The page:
I am a 30-year-old who plays Animal Crossing. I have played every incarnation of the game so far, ever since my husband (then-boyfriend) insisted I give the GameCube version a shot a long, long while ago. The version I currently play the most is the Wii’s Animal Crossing: City Folk, mostly because the Wii is currently one of my favorite consoles, but also because I feel a terrible, haunting, vaguely nightmarish guilt whenever I think of the old, abandoned Animal Crossing towns I’ve left behind on GameCube memory cards and inside of my old DS game. Even now, I shudder to write about this shame.
I started playing Animal Crossing sometime in the mid-00s, when I was living with a punk band in the city of Bellingham, WA. Up to that point in my life, I had shunned flowery, girlish, cutesy things due to a lifelong terror of being excluded from boys’ clubs. Some of my earliest memories are of refusing to wear floral prints and skirts, of throwing little six-year-old fits at the colours pink and purple, of telling everybody in my first grade that I wanted to grow up to be a man who marries a man, but who looks and dresses like Jessica Rabbit or the Little Mermaid or something. But, you know, still a man. I was the only girl in baseball camp. I was the only girl in my middle school geography club. I was very, very good at catching wild snakes in my yard. I’d wanted to outpace the unappealing/frightening/limiting/unsuitable aspects of having a female gender identity in 1980s/1990s America, and because I was a child my instinct was to embrace a “girl stuff is yucky, boy stuff is better” ethic. Never mind that my dad was the “cool” parent at the time (always wearing suits with dark sunglasses in the daytime, listening to the Blues Brothers soundtrack loudly in his car between executive-level real estate deals), and my mom was the “uncool” parent (trying to turn her daughters into equestrian little Bebe Neuwirths circa-Cheers) in their social dynamic.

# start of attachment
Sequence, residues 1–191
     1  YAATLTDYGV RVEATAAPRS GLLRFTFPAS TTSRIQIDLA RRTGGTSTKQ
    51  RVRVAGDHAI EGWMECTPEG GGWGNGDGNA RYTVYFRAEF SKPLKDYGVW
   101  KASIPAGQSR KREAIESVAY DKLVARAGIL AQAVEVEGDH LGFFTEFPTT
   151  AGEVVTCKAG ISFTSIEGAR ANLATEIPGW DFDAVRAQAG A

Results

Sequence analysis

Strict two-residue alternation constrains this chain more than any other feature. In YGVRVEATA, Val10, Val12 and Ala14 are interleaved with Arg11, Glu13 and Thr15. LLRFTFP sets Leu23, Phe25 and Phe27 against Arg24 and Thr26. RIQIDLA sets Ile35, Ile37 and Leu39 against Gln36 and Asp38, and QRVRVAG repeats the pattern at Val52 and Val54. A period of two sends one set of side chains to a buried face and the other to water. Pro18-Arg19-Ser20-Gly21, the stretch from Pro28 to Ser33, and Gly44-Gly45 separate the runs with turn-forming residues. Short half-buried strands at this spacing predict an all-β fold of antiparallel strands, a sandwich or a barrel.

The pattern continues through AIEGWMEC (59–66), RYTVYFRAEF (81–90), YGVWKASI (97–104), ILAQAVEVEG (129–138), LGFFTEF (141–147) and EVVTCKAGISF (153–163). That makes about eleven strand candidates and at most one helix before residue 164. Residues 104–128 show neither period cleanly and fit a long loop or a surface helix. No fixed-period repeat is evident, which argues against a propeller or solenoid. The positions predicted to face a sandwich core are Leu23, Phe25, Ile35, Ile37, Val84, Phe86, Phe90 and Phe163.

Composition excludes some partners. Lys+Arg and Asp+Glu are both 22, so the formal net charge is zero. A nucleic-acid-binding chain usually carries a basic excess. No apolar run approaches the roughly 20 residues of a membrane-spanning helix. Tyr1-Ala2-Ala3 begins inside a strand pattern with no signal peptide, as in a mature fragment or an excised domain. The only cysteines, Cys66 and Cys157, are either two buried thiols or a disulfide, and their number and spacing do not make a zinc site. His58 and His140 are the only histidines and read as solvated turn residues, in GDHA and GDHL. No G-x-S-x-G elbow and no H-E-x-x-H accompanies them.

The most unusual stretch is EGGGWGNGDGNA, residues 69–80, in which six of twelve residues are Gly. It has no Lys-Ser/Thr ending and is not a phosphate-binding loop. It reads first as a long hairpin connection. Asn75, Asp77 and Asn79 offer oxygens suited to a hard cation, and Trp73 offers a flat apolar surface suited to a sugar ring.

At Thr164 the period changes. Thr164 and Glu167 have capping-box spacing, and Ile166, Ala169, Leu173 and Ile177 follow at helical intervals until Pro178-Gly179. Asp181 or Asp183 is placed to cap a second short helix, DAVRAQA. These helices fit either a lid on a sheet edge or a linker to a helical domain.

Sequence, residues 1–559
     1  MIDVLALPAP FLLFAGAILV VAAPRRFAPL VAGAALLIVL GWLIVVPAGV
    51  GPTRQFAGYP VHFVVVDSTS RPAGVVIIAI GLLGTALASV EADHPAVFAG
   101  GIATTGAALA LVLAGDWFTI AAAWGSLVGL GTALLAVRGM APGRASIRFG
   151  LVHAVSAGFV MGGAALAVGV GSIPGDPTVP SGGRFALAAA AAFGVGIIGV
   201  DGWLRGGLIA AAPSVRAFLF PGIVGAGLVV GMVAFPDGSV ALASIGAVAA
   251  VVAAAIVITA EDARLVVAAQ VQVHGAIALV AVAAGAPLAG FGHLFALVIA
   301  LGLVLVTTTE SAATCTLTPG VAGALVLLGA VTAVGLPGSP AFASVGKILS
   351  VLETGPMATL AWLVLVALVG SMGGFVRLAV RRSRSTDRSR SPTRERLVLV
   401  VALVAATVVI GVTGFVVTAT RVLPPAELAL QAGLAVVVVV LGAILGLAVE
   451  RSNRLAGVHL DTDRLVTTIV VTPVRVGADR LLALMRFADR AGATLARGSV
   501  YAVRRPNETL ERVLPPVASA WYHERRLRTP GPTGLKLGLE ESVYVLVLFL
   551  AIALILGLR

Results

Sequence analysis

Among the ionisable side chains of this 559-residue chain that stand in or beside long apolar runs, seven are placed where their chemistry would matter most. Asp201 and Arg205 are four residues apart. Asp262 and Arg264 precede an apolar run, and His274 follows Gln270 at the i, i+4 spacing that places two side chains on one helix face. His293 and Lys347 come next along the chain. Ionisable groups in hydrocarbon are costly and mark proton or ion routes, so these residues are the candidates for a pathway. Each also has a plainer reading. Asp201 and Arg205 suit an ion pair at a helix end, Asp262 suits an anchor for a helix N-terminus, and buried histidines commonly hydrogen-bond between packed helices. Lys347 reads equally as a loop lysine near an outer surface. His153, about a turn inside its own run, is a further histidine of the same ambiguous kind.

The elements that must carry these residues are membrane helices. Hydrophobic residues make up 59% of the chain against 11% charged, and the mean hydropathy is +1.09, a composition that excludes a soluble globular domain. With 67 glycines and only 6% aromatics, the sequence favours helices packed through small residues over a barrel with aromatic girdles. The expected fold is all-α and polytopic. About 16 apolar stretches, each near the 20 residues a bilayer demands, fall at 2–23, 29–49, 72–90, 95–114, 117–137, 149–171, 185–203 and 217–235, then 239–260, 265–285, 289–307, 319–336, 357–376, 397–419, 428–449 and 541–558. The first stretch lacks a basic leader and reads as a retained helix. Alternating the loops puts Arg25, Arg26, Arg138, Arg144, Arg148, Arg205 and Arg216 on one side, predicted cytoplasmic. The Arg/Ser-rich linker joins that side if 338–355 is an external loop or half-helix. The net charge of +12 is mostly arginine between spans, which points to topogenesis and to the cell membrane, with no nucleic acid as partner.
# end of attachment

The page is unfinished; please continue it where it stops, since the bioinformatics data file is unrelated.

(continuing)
Anyhoo. By my early-mid-20s, I had established a gender identity that suited me well. I wore men’s button-up shirts, a leather jacket a la Shaft and Tyler Durden, and I had also stared to wear unflattering, hookery, secretary skirts from time to time. My hair was usually clipped up into a stringy rat’s nest that said “the 90s had not yet ended for me,” and I wore poorly executed, racoonish, dark eye makeup. And for a couple of years, I found myself living with (imposing upon?) a punk band.
This was a turning point for me, in terms of gender and fashion. I was suddenly the only girl in a living environment so masculine that it felt like living in an episode of Jackass (I mean this both as a compliment and as a complaint). There was always pizza on the furniture. Holes were regularly punched and poked into walls. Comic books and Fangoria magazines stuck out of the cracks between sofa cushions. And I felt contented.